When Rebecca Black’s now-infamous Friday was released in March of 2011, it unleashed a massive, unprecedented torrent of electronic hatred upon Black, then just a fresh-faced 13 years old. It took two weeks for Friday to become the most disliked Youtube video of all time–usurping Justin Bieber’s Baby for that dubious honor.

When the original video was removed from Youtube in June 2011, it had amassed 165 million views. It has since reappeared, and continues to receive a full spectrum of comment gold: from the sympathetic (“common [sic] she’s so sweet!!! <3”) to the simplistic (“Boy this does suck”) to the melodramatic (“Congratulations your [sic] next to Hitler in my Most hated person ever!!!!!!!”).

It didn’t take long for the Internet pundits (generally, a disparate group from the Youtube commenters) to transfer their hatred up the chain towards Ark Music Factory, the production company responsible for Friday and the brainchild of one Patrice Wilson. For a few thousand dollars, parents could have Wilson and the team at Ark co-write and produce a song and music video for their poptart-lusting pubescent.

Wilson was playing off innocent kids’ musical fantasies for a quick buck, the pundits said. It was a devious and exploitative scheme.

Last week, Wilson returned to notoriety with the drop of Nicole Westbrook’s It’s Thanksgiving on his Youtube channel. In the days since the song’s release, it has been viewed nearly six million times, received over 80,000 dislikes, and sparked a fresh round of criticism about Wilson: that he’s a leech, a crook, a scab on humanity for bringing such a musical abomination into the world.

Bullshit.

Wilson isn’t delusional about his work or malevolent towards the wannabe-starlets that employ his services–rather, he’s an artist of satire, mocking mass culture on an epic scale and occupying the tenuous oasis of parody where reality is ambiguous: no one is quite sure how serious Wilson is.

The “patomuzic” Youtube channel is a mausoleum of clichéd music video tropes. Glittery teenage girls squeal autotuned lyrics over chord progressions perfected by the Beach Boys played on bastardizations of synths made ubiquitous by Bieber and his pop posse; every Youtube feedback bar is a green stub with a long, red, negative tail. There are no illusions harbored here. Ark Music Factory does exactly what the name implies: converts the factory model of mass-production to the industry of lousy Youtube pop stars.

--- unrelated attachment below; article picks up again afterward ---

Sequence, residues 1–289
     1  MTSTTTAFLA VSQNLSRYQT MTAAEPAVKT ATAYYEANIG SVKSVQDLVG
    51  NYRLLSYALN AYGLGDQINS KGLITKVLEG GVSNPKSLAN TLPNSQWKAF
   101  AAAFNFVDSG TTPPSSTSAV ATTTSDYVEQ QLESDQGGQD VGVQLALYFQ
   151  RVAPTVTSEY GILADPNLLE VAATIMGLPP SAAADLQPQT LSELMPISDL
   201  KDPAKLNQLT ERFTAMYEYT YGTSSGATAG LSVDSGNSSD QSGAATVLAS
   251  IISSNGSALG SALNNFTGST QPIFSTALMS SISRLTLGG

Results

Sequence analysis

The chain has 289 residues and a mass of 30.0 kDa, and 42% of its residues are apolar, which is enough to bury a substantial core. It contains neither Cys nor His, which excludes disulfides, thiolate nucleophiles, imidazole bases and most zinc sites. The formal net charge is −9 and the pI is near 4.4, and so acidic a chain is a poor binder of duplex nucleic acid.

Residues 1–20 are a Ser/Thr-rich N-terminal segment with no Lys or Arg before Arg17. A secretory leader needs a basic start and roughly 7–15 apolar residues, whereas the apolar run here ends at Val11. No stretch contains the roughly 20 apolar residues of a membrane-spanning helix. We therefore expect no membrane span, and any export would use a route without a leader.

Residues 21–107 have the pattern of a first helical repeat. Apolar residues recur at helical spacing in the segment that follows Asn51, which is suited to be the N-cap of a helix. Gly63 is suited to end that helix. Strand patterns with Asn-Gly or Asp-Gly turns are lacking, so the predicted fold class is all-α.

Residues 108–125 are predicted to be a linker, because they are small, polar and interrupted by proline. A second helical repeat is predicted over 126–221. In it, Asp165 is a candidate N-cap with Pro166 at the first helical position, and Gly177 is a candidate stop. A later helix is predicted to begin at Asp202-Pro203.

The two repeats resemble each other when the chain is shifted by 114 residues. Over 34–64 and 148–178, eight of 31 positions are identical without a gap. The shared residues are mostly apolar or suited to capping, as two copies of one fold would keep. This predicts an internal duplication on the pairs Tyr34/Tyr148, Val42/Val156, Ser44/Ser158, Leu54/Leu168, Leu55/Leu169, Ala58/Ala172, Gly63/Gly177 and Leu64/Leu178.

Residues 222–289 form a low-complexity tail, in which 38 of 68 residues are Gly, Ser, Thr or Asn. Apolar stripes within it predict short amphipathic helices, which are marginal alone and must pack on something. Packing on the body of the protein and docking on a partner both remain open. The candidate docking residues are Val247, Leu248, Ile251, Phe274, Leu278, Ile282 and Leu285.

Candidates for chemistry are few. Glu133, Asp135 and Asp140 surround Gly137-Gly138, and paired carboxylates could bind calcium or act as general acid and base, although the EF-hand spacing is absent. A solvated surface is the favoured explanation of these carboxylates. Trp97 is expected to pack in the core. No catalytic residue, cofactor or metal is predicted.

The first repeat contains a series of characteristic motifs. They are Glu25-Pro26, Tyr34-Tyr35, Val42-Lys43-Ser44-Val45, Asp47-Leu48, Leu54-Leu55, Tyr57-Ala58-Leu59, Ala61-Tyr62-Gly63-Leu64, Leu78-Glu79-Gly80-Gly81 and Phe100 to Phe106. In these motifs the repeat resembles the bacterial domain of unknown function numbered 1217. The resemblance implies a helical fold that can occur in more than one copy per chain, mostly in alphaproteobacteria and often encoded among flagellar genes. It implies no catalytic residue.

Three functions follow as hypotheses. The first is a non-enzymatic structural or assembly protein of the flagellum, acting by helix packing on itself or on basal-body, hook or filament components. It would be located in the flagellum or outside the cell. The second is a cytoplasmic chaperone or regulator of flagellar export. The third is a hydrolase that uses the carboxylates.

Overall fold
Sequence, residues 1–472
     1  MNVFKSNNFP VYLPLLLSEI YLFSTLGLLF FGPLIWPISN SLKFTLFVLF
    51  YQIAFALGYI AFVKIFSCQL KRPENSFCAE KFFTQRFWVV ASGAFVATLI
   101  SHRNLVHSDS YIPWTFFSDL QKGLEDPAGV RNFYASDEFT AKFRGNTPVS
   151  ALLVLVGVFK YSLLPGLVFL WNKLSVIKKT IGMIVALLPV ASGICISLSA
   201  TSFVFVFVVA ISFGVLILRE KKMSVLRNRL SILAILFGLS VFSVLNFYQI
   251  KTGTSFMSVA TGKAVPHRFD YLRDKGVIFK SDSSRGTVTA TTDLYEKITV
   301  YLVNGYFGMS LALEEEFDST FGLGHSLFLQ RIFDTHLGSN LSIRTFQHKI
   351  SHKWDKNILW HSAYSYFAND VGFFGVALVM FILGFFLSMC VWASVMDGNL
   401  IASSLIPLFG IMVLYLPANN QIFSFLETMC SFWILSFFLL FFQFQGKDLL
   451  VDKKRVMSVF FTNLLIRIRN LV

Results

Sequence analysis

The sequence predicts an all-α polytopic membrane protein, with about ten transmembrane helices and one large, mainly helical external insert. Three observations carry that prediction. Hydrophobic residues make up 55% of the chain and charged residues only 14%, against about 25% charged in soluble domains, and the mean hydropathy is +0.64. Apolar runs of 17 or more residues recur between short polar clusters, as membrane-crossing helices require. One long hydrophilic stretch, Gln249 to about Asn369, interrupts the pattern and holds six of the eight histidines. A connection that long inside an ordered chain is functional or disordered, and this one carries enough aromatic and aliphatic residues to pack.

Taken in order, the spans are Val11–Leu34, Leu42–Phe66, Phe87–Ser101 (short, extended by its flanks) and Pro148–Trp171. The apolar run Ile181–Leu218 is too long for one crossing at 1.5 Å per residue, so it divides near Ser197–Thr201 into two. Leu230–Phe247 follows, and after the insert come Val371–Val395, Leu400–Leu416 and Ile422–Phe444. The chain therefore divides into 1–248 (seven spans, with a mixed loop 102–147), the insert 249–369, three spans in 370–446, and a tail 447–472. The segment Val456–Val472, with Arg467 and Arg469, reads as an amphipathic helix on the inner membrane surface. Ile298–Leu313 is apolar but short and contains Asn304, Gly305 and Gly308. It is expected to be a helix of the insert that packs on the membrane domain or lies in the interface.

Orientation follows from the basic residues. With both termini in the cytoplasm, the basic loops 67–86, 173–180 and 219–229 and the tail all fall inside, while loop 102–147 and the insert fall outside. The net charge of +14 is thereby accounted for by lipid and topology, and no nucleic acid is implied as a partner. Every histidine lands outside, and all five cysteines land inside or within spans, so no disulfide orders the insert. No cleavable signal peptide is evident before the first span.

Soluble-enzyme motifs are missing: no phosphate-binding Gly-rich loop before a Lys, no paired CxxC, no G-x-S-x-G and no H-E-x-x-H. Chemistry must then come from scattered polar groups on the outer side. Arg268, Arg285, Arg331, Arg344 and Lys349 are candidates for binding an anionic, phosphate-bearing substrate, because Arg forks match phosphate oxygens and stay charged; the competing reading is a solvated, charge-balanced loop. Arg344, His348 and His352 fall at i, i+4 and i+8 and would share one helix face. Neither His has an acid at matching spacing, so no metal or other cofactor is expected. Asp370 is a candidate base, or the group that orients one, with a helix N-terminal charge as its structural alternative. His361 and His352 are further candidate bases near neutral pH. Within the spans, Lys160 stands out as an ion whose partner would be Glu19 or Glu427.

It’s an incredible sight–a stunning, disruptive critique of a musical culture based upon views and virality; where soul and chops are far less important than video aesthetic, artificial production perfection, and social media promotion. Watching more than a few videos consecutively on Wilson’s channel will make you sick–not just from the cookie-cutter atrocity, but also from how closely patomuzic emulates the Bieber image as a whole. The girls are younger and more awkward, the production is infinitely more plastic–but the pop aura is identical.

I’ve already mentioned Bieber several times, and that’s no coincidence. Bieber is the poster child for contemporary teen music culture, ubiquitous across social media, television, and magazines. And if Bieber is the prince of pop, Scooter Braun, his manager, is the king of hype. Braun is the 31-year-old marketing whiz kid who discovered Bieber in 2007 and catapulted him to fame. Braun was always precocious and ambitious–by age 20, he sat on the executive board of Jermaine Dupri’s So So Def Records, and his stock has recently risen above and beyond the dregs of lowbrow, teenybopper pop culture: this year, he’s been featured in the New Yorker and Forbes.

Braun represents the artists responsible for five out of the top 20 most viewed Youtube videos of all time. Three are Bieber songs, including number one–the aforementioned Baby, clocking in with an absurd 800 million views. Psy, the Korean rapper responsible for the number two most-viewed Gangnam Style (720 million), was picked up by Braun when his video began to go viral–a story that perfectly parallels Carly Rae Jepsen’s, whose Call Me Maybe (332 million) sits at number 18 on the Youtube charts and has inspired countless amateur video remakes by groups including the US Olympic Swim Team, the Marines, and the Miami Dolphin cheerleaders.

Wilson and Ark Music Factory exist as a farce of Braun and his Schoolboy Records. Braun’s strategy is to chase each hype wave and make it his own, using his tried and true Bieber techniques to elevate his artists to transient-iconic status. (Whether “transient-iconicism”–15 minutes of fame, on crack–leads to legitimate iconicism remains to be seen; while Bieber is certainly here to stay, Jepsen and Psy are a toss-up.) Wilson’s game is analogous. With each tragic, aspiring starlet, he applies the same tried and true overproduction methods to create a brand new, abhorrent pop song that mocks the culture it emulates. Even Wilson’s Twitter account mimics Braun’s, employing the same shameless self-promotional techniques, expressing interminable pride in his artists and channeling universally appealing themes about hard work, achieving one’s goals and enjoying life.